The epidemic has spread rapidly to other parts of the country. No exact cause has been determined, but the ministry has cautioned the public of the spread of Zika during the current monsoon season, as more mosquitoes, carriers of the virus, are expected to breed.
None of the 11 people with the Zika virus is pregnant, the department confirmed. In Thailand’s northern province of Pichit, 330 kilometres away from Bangkok, 11 people were infected with the Zika virus last week.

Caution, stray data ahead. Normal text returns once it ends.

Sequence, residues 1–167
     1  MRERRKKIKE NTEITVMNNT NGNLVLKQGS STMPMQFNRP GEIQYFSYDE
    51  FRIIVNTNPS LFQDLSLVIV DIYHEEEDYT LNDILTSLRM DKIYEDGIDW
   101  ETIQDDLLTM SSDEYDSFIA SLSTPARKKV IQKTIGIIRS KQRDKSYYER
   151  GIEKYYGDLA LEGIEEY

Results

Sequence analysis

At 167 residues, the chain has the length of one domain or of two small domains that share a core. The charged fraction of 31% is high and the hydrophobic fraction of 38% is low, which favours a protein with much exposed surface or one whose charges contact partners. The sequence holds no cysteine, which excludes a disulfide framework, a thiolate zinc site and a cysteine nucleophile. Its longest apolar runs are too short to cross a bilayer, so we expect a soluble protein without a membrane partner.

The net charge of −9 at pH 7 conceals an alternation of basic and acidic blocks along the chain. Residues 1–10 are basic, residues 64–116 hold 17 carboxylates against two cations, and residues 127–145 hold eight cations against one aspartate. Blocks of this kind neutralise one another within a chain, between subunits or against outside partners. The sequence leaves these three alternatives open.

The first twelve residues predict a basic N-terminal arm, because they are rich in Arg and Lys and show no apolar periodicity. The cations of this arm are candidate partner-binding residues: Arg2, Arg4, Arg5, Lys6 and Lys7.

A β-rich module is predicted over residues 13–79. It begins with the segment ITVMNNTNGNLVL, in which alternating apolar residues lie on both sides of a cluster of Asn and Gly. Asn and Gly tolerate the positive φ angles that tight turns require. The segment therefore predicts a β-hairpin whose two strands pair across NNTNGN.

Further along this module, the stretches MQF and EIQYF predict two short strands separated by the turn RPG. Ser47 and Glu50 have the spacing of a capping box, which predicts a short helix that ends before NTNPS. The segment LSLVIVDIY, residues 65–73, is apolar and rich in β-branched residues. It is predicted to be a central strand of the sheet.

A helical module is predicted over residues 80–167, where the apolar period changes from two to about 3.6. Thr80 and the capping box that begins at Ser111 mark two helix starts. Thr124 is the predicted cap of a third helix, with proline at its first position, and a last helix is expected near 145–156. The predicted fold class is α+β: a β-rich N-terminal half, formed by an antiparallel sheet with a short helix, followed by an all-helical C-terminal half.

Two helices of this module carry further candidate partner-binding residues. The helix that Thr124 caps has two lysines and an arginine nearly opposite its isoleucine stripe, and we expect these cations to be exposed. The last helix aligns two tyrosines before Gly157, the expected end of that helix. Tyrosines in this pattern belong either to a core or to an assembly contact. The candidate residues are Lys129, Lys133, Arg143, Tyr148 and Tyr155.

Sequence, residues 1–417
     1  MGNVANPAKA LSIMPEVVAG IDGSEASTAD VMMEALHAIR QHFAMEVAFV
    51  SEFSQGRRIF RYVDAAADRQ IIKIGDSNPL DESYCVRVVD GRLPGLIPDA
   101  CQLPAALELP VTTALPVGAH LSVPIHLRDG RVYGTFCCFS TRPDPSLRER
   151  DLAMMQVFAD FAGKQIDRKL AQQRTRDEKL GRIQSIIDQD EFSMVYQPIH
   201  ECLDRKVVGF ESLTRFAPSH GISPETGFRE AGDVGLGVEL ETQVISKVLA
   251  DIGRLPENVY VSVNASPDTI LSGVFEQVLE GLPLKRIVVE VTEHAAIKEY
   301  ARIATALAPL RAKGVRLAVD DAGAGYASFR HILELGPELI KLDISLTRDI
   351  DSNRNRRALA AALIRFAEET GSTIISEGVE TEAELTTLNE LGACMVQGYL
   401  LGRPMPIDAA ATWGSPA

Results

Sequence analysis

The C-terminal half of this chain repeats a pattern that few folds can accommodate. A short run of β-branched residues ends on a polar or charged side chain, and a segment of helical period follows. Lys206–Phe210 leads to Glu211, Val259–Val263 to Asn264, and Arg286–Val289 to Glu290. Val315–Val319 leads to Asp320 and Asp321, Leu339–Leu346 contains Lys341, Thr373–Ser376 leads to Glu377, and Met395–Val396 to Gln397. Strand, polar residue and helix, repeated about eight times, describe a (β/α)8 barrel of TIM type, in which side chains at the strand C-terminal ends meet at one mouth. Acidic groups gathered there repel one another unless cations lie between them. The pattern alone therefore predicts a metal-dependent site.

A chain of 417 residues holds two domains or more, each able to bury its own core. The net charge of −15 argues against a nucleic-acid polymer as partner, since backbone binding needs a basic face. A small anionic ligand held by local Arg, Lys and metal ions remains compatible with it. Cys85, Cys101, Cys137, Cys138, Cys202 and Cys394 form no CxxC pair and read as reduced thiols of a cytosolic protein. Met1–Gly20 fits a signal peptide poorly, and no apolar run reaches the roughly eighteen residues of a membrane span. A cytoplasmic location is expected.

In September, Thailand confirmed Zika-linked microcephaly in two newborns, the first cases in South-East Asia, and the second in the world after Brazil.
Pregnant women who have contracted the Zika virus can give birth to children with with microcephaly, a birth defect where a baby’s head and brain are smaller than usual.
There is currently no cure for microcephaly.
Up to 81 people across Thailand have been infected with the Zika virus since January 1, many of whom have recovered, the department said.